Posted by: RedaChouffani
data breach, Data privacy and security, HIPAA, mhealth, mHealth security, Mobile device security, mobile health, mobile HIPAA, smartphones
Unless you’ve been living under a rock, the rising adoption rate of mobile devices, specifically smartphones and tablets, has been hard to ignore.
While mobile devices are opening access to online information like never before for both patients and clinicians, these fast growing computing platforms are proving to be quite challenging for many security specialists and IT departments across the health care industry as a whole. As many of these platforms are being used to access medical data for patients, as well as other enterprise wide applications such as email, prescriptions, lab orders and the like, the risks associated with a breach in privacy grow greatly.
In the PC world, hospitals and other organizations have full control of what goes on those devices. But with the advent of BYOD (Bring Your Own Device) that many organizations have begun to adopt, it is becoming far more challenging to control what goes on each device and maintain secure access to the network. And while attacks and viruses on mobile devices are still not as widespread as the infections on PCs, there is a growing concern of malware and hacks that are now being reported, forcing many to reevaluate their security and control processes on these devices.
The following are some of the steps that should be taken to properly protect both your network and the data that is being accessed from mobile health devices:
Securing the devices through software applications: While there are several products that help protect PCs, many vendors have also begun to develop similar applications and utilities that can secure mobile platforms from infections and attacks.While they are still not fully adopted by all, they are certainly a “must have” in health care to ensure the protection of data and regulatory compliance.
Mobile device management: In order to efficiently protect and safeguard the network and infrastructure from attacks and data breaches, IT departments use several different applications and products that can monitor and manage all devices connecting to the infrastructure.But as many of the end users bring in their own devices to work, managing what is deployed on these smartphonesm and whether or not the publisher of the apps are trusted, can be quite challenging.This is where it is critical to use applications that can manage and secure all mobile devices that are being used in the organization.This will help ensure they are configured and monitored throughout their presence on the network and off the grid.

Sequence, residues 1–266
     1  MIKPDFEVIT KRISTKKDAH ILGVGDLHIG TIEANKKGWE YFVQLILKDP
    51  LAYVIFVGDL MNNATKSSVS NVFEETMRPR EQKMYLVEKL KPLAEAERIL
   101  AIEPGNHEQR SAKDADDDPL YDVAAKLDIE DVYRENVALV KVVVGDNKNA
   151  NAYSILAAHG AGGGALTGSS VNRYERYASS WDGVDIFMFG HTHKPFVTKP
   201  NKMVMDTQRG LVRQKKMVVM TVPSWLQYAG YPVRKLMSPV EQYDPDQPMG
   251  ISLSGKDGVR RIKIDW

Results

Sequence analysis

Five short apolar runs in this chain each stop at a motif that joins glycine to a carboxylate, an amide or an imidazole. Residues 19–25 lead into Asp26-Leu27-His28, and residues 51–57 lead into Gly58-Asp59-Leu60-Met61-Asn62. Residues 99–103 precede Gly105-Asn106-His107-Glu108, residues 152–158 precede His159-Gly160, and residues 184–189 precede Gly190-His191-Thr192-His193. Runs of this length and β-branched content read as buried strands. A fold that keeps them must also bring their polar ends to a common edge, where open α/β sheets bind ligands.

Use policies and procedures: When devices are deployed for users who have access to clinical and other sensitive data on the network, it is important to have processes and procedures that describe, in detail, a policy of what is acceptable use of the devices.In addition, there should be a process in place that can identify the steps to be taken in case of the loss or theft of the device.Examples can be notifying IT within one or two hours of the incident in order to locate or initiate remote kills procedures.
Requiring strong security and protection:There are many cases where the mobile devices allow access to their functionality without challenging the identity of the user.Recently we saw this security flaw when the iPhone shipped with SIRI and allowed access to anyone to the device even when it was locked.There are also other vulnerabilities such as hacks through Bluetooth and wireless capabilities of the devices.Thus the importance of implementing best practices for adequately protecting devices’ mobile security.It is also recommended to properly encrypt the communication between the device and network.This will help ensure that the data exchange is properly protected and secured even when a device is connected to a public network.
Mobile devices have seen an incredible adoption rate in health care that is only going to continue to grow.And with that comes the bigger challenge, which is how to adequately secure them.With these devices being target by thieves and at times simply misplaced, it can result in a legal nightmare and cause sensitive patient information to fall into the wrong hands.An example of the potential disasters associated with data breach is the $1B class action lawsuit against Sutter Health.